For efficacy studies, detailed information regarding participants, treatment characteristics, and individual scores for each quality indicator were given. For exploratory studies, a study summary and an overall quality score were reported. Effect sizes and confidence intervals were calculated for outcome measures from efficacy studies whenever possible. Effect sizes are point estimates that indicate the importance of a finding, rather than the likelihood that the observed effect was due to chance or sampling error (which is the meaning of statistical significance). Confidence intervals provide an estimation of the precision of that point estimate. In other words, measures of effect size are designed to indicate the degree to which a null hypothesis is false, and the corresponding confidence interval provides a range in which the true value of the effect size is most likely to occur (Dollaghan, 2007). For group studies, Cohen’s d was calculated from group means and standard deviations or estimated from results of analyses of variance or t tests. Although the magnitude of effect sizes was reported using Cohen’s benchmarks for small, medium, and large as 0.2, 0.5, and 0.8, respectively (Cohen, 1988), confidence intervals surrounding these effect sizes should be considered when interpreting these results.
Results
Of the 15 studies that met the inclusion criteria, 8 addressed the effects of OMEs on speech physiology (Question 1), 8 addressed sound production (Question 2), and 5 addressed functional speech outcomes (Question 3). This total exceeds 15 because several studies addressed more than one of the clinical questions.
Clinical Question 1: What Is the Influence of OMEs on Speech Physiology?
Of the eight studies reporting data related to OMEs and speech physiology outcomes, five met the criteria for efficacy studies, and three met criteria for exploratory studies.
Efficacy Studies
Table 2 provides a detailed description of the interventions and participants reported in the efficacy studies. The five studies incorporated a wide range of participants, interventions, and treatment schedules. Christensen and Hanson (1981)  examined the effectiveness of OMEs (specifically tongue thrust treatment with neuromuscular facilitation techniques) combined with articulation treatment relative to articulation treatment only in treating first graders with a severe tongue thrust. Another study (Korbmacher, Schwan, Berndsen, Bull, & Kahl-Nieke, 2004) focused on children with multiple orofacial dysfunctions and compared two different OME programs for tongue thrusting (i.e., traditional myofunctional treatment and an orofacial exercise program incorporating a training device called a “face former”). The three remaining studies (Backman, Grever-Sjolander, Holm, & Johansson, 2003; Carlstedt, Henningsson, & Dahllof, 2003; Carlstedt, Henningsson, McAllister, & Dahllof, 2001) compared the use of oral stimulating plates and OMEs (i.e., oral motor and sensory stimulation or SLP-designed physiotherapy program) with OMEs alone in young children with Down syndrome. Amount, duration, and intensity of treatment varied greatly among studies. Duration of treatment ranged from 14 weeks to 58 months across studies, and frequency of intervention ranged from once a week to three times per day. For all but one of the studies (Christensen & Hanson, 1981), the treatment schedules for the control groups were not stated.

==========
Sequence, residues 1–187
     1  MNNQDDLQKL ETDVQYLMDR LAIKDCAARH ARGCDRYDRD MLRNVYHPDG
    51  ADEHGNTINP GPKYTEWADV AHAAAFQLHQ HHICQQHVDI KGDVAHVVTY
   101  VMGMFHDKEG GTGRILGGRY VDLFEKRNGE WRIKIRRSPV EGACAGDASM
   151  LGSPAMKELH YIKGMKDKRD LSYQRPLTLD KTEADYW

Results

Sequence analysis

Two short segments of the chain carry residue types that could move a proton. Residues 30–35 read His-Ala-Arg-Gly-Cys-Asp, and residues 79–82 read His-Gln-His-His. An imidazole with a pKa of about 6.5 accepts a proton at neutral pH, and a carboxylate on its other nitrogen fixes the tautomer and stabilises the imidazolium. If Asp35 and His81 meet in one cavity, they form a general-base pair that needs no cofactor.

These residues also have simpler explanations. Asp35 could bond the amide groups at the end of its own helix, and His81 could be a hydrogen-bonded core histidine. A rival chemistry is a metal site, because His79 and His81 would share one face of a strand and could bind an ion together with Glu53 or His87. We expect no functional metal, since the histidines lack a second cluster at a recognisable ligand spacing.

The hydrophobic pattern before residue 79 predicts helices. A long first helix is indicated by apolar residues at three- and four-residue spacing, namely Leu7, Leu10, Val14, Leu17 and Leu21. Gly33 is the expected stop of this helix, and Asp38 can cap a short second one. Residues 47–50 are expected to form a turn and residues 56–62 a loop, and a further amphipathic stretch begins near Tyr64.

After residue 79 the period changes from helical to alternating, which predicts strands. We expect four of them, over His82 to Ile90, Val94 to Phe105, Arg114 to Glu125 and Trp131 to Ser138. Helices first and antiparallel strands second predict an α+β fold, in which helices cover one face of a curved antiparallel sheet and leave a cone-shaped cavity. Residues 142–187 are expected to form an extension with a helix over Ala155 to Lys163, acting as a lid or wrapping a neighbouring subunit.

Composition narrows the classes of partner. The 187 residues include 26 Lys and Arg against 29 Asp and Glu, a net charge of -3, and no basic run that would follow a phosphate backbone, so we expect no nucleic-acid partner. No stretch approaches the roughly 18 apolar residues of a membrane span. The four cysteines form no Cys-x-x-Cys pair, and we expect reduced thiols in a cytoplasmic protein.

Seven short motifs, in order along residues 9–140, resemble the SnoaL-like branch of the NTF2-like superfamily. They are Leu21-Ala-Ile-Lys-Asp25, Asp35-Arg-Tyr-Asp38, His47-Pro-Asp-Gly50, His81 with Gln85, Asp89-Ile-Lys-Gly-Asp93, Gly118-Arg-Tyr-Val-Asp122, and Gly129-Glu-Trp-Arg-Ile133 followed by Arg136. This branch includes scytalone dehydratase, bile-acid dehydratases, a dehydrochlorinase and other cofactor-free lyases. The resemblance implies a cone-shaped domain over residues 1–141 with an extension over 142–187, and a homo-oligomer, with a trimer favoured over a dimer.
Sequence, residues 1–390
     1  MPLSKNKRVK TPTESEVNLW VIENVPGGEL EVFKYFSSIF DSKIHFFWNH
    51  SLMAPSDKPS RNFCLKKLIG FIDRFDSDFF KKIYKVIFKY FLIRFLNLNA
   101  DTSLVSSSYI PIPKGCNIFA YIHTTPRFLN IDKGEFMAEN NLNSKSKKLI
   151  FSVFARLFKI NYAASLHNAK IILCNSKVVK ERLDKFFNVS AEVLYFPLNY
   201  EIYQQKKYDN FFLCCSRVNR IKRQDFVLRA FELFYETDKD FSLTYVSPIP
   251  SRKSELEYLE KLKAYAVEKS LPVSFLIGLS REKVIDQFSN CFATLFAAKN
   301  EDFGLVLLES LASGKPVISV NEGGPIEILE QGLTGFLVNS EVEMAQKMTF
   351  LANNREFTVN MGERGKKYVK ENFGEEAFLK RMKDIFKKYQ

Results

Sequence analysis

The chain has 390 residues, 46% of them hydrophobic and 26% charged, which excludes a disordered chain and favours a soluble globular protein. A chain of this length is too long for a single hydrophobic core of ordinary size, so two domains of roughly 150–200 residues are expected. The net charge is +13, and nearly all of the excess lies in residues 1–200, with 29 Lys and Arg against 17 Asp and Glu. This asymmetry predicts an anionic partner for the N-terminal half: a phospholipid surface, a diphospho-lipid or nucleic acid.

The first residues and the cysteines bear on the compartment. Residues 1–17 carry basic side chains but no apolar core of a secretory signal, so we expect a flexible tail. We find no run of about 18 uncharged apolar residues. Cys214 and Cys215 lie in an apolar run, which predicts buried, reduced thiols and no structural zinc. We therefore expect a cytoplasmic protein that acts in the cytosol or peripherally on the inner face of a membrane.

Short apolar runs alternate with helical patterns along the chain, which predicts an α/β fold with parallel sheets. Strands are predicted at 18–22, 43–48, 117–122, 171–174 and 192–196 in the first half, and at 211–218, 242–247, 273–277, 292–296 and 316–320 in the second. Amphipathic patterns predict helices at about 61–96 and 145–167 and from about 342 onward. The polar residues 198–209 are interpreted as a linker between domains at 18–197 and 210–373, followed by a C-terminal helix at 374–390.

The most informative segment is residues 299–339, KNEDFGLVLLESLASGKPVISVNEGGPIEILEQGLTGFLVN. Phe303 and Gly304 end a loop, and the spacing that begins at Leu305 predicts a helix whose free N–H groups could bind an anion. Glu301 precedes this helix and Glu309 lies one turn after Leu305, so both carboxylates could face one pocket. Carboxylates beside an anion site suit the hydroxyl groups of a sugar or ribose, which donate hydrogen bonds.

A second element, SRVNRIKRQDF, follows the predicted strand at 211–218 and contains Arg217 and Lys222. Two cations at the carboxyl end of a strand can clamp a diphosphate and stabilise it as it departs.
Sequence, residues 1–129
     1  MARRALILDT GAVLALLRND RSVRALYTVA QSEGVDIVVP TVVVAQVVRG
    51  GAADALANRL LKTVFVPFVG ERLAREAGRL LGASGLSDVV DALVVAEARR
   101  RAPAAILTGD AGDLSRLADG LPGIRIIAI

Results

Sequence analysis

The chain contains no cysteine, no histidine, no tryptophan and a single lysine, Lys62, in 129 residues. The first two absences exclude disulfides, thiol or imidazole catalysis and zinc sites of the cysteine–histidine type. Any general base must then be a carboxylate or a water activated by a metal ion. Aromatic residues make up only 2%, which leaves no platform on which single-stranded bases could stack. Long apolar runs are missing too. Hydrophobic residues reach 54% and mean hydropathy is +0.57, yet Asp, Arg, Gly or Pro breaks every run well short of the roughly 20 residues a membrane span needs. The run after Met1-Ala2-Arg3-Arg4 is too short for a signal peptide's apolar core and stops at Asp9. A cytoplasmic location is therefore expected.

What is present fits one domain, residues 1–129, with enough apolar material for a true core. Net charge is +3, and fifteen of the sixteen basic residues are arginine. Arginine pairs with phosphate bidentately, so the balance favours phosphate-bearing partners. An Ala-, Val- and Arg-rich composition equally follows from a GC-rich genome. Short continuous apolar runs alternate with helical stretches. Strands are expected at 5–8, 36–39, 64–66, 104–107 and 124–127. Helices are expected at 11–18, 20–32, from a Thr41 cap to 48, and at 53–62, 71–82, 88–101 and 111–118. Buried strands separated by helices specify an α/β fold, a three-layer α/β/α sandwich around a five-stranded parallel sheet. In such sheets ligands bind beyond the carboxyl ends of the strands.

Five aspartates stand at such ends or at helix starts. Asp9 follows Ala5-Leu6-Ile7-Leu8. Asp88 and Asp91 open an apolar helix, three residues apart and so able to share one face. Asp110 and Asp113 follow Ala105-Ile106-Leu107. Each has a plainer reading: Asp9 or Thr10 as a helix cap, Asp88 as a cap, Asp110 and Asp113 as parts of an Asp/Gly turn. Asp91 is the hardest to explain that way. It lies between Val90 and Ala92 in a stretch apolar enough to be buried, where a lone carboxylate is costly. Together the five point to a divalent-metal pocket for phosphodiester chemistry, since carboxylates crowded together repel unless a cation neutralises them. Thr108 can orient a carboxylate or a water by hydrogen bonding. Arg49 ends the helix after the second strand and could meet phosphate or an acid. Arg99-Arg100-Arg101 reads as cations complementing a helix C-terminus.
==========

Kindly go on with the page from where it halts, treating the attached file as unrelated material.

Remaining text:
TABLE 2Participant and treatment characteristics—speech physiology efficacy studies (Question 1).
Participant and treatment characteristics—speech physiology efficacy studies (Question 1).×
CitationNAgeGenderMedical and/or SLP diagnosis as reported in articleInterventionTreatment schedule and amountOutcome measure(s)SignificanceEffect size (95% confidence interval)Quality marker score
Backman et al. (2003) 10615–22 months; M = 18.3 months60 M, 46 FDown syndromeIntervention group—oral stimulating plates and oral motor sensory stimulationPlates worn 2–3 times per day for periods of 5–30 minSLP perception of motor prerequisites for articulation.NRNR1/8
Control group 1 (age-matched nondisordered)—no treatmentControl group—not reported
Control group 2—oral motor and sensory stimulation
Carlstedt et al. (2001) 203–33 months12 M, 8 FDown syndromeIntervention group—oral stimulating plate therapy plus physiotherapy program designed by SLPPlates worn for 1 hr 2–3 times per day for a minimum of 4 years (range = 49–58 months)Clinical examination of lip rounding during speechp < .01NR5/8
Control group—physiotherapy program designed by SLPControl group—not reportedVideo registration of percentage of tongue protrusion during speechNS0.25 (−0.65–1.12)
Carlstedt et al. (2003) 203–33 months12 M, 8 FDown syndromeIntervention group—oral stimulating plate therapy plus physiotherapy program designed by SLPPlates worn for 1 hr 2–3 times per day for a minimum of 4 years (range = 49–58 months)Clinical examination of articulatory placementNSNR2/8
Control group—physiotherapy program designed by SLPControl group—not reported
Christensen and Hanson (1981) 105;8 (years;months)–6;9; M = 6;26 M, 4 FSevere anterior tongue thrust and acoustically severe frontal lispIntervention group—tongue thrust treatment incorporating neuromuscular facilitation techniques for first 6 weeks followed by alternating sessions of tongue thrust and articulation treatment for the next 8 weeks.All participants (both intervention and control group) received a total of 22 individual ½-hr treatment sessions. Therapy was provided once a week for 6 weeks followed by twice a week for 8 weeks.Tongue tip placement on lingua-alveolar soundsNS0.34 (−0.94–1.56)6/8
Control group—traditional articulation treatment